allow channel to express. To assess surface expression by
fluorescence, we engineered two cysteine-less background con-
structs: CNGA1-GFP and CNGA1-FLAG. GFP and the FLAG
epitope (DYKDDDDK) were inserted in frame immediately
before the stop codon. In general, CNG channels tolerate these
tags at the carboxy-terminal remarkably well [1,18,19]. This study
was approved by National Institute Neurological Disorders and
Stroke/National Institute on Deafness and Other Communication
PLOS ONE | www.plosone.org1 October 2012 | Volume 7 | Issue 10 | e47693
Disorders Animal Care and Use Committee Protocol Number
R272C mutant channels were rescued using aminoethyl-
methanethiosulfonate (MTSEA), a compound which readily
permeates the membrane of cells, including that of Xenopus
oocytes, in its uncharged form . Treatments were performed
48 hrs after cRNA injection. MTSEA (final concentration 2 mM)
was prepared in ND96 solution and added into wells containing
oocytes. Incubation was performed at 17uC for six hours. Fresh
ND96 solution with MTSEA was replaced every 30 minutes.
These prolonged treatments were not readily tolerated by all
oocytes. We found that after around 4 hours of MTSEA exposure,
about 50% of the oocytes began to show signs of deterioration, as
the animal pole became pale. Those oocytes were not used for any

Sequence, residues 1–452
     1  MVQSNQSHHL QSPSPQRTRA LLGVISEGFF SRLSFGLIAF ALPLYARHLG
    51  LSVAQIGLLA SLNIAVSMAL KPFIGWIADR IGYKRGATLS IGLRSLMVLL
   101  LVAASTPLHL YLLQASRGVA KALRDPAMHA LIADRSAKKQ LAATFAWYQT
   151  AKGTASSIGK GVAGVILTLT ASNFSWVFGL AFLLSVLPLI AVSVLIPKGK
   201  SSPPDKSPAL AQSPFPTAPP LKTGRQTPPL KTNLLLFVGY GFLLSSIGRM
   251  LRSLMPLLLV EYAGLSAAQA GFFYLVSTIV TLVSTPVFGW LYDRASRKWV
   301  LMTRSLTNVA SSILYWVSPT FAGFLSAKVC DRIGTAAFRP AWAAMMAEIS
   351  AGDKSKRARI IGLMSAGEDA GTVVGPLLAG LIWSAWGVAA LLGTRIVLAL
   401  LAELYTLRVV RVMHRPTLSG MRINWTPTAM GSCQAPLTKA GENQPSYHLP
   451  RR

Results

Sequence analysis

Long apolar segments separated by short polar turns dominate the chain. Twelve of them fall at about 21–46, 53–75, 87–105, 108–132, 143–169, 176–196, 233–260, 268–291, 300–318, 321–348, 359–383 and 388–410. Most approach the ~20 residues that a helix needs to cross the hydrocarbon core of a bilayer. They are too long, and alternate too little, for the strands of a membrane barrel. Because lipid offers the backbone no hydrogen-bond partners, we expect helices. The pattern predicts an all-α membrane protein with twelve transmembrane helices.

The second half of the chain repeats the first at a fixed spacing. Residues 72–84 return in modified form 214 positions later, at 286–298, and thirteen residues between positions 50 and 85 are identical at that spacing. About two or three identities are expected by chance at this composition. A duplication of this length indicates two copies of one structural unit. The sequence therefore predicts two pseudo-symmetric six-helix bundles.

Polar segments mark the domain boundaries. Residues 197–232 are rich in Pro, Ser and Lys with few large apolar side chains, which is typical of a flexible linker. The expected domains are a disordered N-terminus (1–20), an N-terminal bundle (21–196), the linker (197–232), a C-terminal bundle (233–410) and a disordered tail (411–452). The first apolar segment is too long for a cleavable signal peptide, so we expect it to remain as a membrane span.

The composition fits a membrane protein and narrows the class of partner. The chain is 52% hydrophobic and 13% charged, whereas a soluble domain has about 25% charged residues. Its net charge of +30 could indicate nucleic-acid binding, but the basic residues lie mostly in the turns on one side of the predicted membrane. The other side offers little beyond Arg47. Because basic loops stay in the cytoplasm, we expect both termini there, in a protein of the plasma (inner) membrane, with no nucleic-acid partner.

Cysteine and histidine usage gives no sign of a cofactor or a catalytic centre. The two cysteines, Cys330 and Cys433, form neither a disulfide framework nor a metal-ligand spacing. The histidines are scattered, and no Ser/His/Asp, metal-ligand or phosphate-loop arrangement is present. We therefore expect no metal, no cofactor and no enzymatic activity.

Y176C mutant channels were treated with hydroxybenzyl-
methanethiosulfonate (MTSHB). Oocytes were injected once with
50 nl of a 40 mM MTSHB stock solution, which was prepared in
an ethanol-DMSO mix (50/50), and incubated at 17uC overnight.
After each treatment, some oocytes were used to analyze the
extent of protein trafficking by fluorescence or immunocytochem-
istry, membrane protein expression assays, and others were used
for electrophysiological characterization.
Biotinylation of Membrane Surface Protein
Six to eight oocytes were incubated for 1 hr at 4uC in ND96,
supplemented with 50 mg/ml gentamicin and 1.0 mg/ml sulfo-
NHS-LC-biotin (Pierce). Then, oocytes were washed several times
with ND96 supplemented with 100 mM glycine and lysed in
200 ml of buffer H (1% Triton X-100, 100 mM NaCl, 20 mM
Tris-HCl, pH 7.4 with protease inhibitors (SIGMA) by trituration.
Lysates were rocked at room temperature for 15 min and then
centrifuged at 13,000 rpm for 3 min. The pellet was discarded and
the supernatant was divided in two equal samples, one containing
total proteins and the other to be used for preparation of cell
membrane proteins. For cell membrane protein isolation, 50 ml of